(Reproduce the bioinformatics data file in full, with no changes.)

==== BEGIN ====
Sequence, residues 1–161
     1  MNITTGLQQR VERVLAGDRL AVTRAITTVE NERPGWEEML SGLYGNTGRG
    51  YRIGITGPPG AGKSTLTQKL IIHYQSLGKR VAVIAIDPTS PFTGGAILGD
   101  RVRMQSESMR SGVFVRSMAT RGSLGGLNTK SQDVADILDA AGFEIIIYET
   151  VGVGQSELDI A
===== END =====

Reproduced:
Sequence, residues 1–161
     1  MNITTGLQQR VERVLAGDRL AVTRAITTVE NERPGWEEML SGLYGNTGRG
    51  YRIGITGPPG AGKSTLTQKL IIHYQSLGKR VAVIAIDPTS PFTGGAILGD
   101  RVRMQSESMR SGVFVRSMAT RGSLGGLNTK SQDVADILDA AGFEIIIYET
   151  VGVGQSELDI A